- Overall, project design, validation, and commissioning required about 4 weeks—less than half the time of an entirely redesigned system. The speed was attributable to three factors: the use of the original PI&D, URS, FRS, and class-based code; the collaborative relationships and trust forged with Lakeside and the skid manufacturer; and the FAT at the skid manufacturer that qualified the system before final installation in Winnipeg.
- Since the original system’s SOPs and work instructions were reused, the operators required little training. Procedures were simplified. Now, an operator starts the CIP cycle in the DeltaV control software and walks away.
- The Emerson CHARM technology provided design flexibility. For example, having the flexibility to add I/O without having to worry about backplane limitations was a benefit. It enabled Lakeside to do panel design without accounting for all of the I/O. In addition, the ASCO valve bank reduced the number of CHARM cards, allowing the operation of both the existing and new CIP systems during the transition, plus providing for future CIP system distribution.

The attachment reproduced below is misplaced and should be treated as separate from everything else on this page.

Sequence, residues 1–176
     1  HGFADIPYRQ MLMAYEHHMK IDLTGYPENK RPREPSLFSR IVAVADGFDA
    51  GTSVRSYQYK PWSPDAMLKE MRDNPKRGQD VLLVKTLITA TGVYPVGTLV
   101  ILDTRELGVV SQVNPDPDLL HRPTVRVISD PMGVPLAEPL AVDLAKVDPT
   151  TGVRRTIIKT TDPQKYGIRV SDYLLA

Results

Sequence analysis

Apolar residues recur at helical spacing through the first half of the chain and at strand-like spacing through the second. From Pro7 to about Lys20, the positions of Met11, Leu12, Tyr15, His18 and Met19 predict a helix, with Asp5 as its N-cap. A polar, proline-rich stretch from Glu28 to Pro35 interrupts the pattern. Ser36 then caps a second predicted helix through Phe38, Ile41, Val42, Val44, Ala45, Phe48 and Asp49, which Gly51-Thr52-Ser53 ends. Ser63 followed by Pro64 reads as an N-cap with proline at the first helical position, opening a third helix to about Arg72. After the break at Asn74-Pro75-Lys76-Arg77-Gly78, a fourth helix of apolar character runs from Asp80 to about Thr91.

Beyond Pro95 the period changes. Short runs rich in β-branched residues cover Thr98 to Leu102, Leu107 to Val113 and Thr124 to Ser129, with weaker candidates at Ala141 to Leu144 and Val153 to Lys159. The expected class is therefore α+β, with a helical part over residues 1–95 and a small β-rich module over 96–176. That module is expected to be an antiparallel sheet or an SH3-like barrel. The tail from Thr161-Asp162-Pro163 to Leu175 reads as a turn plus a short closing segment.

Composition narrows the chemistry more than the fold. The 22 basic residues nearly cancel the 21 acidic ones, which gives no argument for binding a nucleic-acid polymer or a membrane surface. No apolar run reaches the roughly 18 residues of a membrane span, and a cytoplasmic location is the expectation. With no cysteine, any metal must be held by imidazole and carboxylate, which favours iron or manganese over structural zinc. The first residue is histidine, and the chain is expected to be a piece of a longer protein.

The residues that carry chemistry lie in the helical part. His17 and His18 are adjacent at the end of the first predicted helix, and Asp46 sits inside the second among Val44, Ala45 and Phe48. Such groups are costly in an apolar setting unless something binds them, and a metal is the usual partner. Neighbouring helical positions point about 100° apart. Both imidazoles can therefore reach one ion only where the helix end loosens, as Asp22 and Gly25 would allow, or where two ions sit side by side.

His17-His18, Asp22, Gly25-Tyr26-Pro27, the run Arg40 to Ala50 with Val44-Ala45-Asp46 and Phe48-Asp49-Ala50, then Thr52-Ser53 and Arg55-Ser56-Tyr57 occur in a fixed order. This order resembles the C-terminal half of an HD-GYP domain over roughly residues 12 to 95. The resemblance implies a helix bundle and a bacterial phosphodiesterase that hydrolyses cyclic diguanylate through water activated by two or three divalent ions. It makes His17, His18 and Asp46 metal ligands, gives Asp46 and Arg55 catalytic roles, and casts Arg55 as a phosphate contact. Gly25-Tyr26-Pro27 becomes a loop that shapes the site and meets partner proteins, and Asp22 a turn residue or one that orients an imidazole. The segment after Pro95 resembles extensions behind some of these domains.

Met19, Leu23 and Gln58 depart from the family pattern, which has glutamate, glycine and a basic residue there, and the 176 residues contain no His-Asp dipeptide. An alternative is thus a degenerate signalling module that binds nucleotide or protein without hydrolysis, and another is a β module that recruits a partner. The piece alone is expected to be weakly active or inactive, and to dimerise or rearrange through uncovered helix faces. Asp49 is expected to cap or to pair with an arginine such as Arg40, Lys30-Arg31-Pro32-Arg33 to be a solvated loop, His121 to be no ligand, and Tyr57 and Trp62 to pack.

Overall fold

- Auditors have an easy package to review with system designs, qualification documentation, SATs, and version control in the software.
- About 1,200 hours of internal design time was saved by leveraging the original CIP system’s PI&D, URS, and FRS. This represented a savings of about $60,000.1
- Automation design required 80 percent less vendor time than if the project had called for all-new URS, FRS, CIP cycle, class-based code, equipment and control modules, and software design programming and testing. The result was $280,000 in cost savings.2
Overall, the strategy to leverage the design and development work from the original system, plus incorporate CHARM technology, eliminated 25 percent of the project’s total cost. In addition, CIP functionality was maintained, operator productivity improved, and system flexibility was enhanced for future growth.
1 Nominal internal hourly rate of $50 per hour
2 Nominal consultant hourly rate of $100 per hour